In the later winter of 2005 a 19-year-old Alex Turner told an American journalist, “We don’t have influences.” This quote is remarkable for two things: one is it’s both true and untrue at the same time. Arctic Monkeys don’t sound like anybody else, but without a few important cultural sign posts they may never have formed in the first place. Secondly, why would an American journalist even care what music some teenager from Sheffield listened to in his bedroom anyway? After all, they’d only released one single. Although, to be fair, that single had been the riotous UK Number One I Bet You Look Good On The Dancefloor.
In actual fact, this moment had been coming for four years, ever since Alex and his school friends Andy Nicholson and Jamie Cook woke up on Christmas morning 2001 to find new guitars under the tree. A few months later another friend, Matt Helders (who, like Alex, would go on to date a girl called Lauren Bradwell – the inspiration for the song) bought a cheap drum kit and the band were born. True children of the 90s, they liked hip-hop (Alex had tried his hand at beatmaking and sequencing), Britpop and garage-rock, but the way they put it all together was quite unlike anyone else. From the choice of name – a deliberately un-cool sounding mix of jungle heat and polar freeze – to the lyrical emphasis on observation and colloquial language aligned with a focus (picked up from watching how people reacted to big records at local clubs like The Leadmill) on making every second of music work as hard as possible, Arctic Monkeys set out to be different in every way they could and it was in June 2003, after more than a year of rehearsals, they felt ready to play their songs to people. Two years later, after releasing a string of songs on the internet and playing to increasingly delirious crowds, they signed to Domino Recordings – on a Sunday night four months after that they four were all sat in the Pack Horse Inn in High Green listening to the chart rundown, not quite believing their debut single had gone straight in at One.
“When we started the band none of us played anything,” recalled Matt. “We just put it together.” But put what together, exactly?
Let’s begin with Alex’s parents who, between them, taught German, Linguistics and Music – that’s a good start. Unlike almost every one of his contemporaries, there’s no stories of Dylan, Joni Mitchell or Simon & Garfunkel tapes on long summer holiday car journeys, Alex’s musical life begins with Oasis, Pulp and Blur, while his first gig was The Vines in Manchester, he later named their singer Craig Nicholls as a powerful early inspiration.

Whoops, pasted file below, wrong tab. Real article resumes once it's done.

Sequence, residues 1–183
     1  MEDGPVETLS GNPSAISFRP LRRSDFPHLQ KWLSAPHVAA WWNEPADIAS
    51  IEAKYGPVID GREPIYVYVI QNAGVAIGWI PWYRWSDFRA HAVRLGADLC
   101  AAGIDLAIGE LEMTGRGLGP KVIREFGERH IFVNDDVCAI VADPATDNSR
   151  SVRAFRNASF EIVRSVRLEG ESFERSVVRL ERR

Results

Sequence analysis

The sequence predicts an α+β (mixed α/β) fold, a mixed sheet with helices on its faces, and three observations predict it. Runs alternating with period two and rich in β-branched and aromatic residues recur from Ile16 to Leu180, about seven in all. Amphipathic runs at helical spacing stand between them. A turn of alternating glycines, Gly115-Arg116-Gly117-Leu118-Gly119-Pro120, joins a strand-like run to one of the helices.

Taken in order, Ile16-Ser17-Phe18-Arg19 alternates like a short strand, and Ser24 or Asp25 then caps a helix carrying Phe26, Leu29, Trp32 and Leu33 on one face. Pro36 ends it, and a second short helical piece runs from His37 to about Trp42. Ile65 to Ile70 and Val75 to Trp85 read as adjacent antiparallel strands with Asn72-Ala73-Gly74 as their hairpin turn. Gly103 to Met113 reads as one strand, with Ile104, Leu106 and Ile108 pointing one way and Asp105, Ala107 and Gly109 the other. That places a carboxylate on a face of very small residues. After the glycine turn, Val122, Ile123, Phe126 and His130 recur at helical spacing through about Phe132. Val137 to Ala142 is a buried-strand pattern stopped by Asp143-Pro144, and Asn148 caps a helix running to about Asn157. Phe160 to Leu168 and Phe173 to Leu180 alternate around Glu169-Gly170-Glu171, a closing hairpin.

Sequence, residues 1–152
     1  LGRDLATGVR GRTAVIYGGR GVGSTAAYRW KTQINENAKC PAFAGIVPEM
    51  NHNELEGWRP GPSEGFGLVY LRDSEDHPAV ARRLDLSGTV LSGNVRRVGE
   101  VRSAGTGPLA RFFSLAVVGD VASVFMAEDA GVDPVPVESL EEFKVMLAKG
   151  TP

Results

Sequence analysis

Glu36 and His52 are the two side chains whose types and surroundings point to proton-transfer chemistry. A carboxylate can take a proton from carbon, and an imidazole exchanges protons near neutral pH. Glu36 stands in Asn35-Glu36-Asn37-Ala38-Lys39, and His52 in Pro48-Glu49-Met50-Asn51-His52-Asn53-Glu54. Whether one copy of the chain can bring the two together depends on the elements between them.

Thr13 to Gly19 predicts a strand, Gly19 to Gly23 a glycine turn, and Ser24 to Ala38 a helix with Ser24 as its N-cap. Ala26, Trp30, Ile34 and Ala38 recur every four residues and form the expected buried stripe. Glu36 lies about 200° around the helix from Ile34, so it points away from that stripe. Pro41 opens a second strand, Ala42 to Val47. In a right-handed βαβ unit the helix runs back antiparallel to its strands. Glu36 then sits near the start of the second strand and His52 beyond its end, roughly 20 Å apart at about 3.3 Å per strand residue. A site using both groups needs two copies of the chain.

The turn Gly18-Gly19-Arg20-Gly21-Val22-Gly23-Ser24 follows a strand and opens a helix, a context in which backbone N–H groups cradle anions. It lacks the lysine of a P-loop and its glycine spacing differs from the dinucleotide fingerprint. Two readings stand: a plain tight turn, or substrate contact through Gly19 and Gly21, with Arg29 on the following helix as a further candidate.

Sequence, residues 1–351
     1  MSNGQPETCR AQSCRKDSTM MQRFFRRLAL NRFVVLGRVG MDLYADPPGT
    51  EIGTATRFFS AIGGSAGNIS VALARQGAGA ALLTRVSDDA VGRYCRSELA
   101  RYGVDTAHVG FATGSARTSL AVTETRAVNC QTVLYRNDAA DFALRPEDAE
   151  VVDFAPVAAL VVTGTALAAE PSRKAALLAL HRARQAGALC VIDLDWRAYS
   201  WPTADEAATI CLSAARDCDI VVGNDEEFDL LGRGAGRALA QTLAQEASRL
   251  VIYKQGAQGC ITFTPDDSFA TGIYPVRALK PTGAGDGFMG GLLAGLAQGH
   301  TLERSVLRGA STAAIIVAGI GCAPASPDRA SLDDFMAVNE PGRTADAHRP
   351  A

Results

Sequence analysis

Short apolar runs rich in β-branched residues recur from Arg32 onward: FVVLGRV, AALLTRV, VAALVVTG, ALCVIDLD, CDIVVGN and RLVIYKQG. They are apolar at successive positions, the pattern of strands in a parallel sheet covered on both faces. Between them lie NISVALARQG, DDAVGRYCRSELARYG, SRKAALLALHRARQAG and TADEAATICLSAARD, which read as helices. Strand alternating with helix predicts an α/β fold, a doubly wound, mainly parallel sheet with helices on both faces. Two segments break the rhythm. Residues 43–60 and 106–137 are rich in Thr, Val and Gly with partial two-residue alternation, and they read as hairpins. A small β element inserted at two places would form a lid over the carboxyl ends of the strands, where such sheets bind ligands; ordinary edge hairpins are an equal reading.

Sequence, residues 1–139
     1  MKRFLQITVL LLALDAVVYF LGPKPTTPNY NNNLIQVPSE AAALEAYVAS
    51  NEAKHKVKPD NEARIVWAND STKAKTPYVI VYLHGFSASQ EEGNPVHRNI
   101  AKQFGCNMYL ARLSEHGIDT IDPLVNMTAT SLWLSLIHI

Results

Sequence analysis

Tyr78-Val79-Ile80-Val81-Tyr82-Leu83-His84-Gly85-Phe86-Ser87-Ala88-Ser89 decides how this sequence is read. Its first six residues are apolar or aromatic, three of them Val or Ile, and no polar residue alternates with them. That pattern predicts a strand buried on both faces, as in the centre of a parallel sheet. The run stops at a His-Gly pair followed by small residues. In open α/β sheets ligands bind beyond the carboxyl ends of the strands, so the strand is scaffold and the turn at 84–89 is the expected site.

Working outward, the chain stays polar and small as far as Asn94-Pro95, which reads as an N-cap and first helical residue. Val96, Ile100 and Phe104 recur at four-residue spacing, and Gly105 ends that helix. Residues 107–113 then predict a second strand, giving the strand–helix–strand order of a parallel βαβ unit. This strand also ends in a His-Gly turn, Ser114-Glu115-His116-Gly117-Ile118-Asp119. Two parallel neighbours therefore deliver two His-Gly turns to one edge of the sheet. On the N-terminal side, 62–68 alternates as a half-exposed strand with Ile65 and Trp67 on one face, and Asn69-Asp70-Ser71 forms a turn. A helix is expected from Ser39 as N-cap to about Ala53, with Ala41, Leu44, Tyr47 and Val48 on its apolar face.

As teenagers the whole band liked psychedelic scousers The Coral, while ideas about structure and form came from The Strokes and The Libertines – and through them, The Clash and The Jam. UK hip-hop legend Roots Manuva was a big inspiration, as was North London’s Braintax. Elsewhere Queens of the Stone Age, System Of A Down and even John Barry and Shirley Bassey’s 1971 Bond theme Diamonds Are Forever were claiming their share of headphone time.
There is a line that runs from Yorkshire poet and songwriters like Jake Thackray and Jarvis Cocker, through Lancashire writers like John Cooper Clarke and Stephen Patrick Morrissey right up to West Midlands-born Mike Skinner. Somewhere metaphorically – and geographically – in the middle of all of that is Alex Turner whose eye for revealing minutiae rivals any one of them.
As the band began to spend more time on the road their musical world began to spread wide enough to pull in Nick Cave, The Prodigy (particularly Music For The Jilted Generation), The Velvet Underground (and the solo words of their own John Cale) and Leonard Cohen. As the four move ever further from Sheffield, country music stars like George Jones (the band like Relief Is Just A Swallow Away), Johnny Cash, Patsy Cline and Hank Williams have all begun to make their mark, hardly surprising as America’s endless spooling highway meets the band’s own love of poignant, personal drama and words.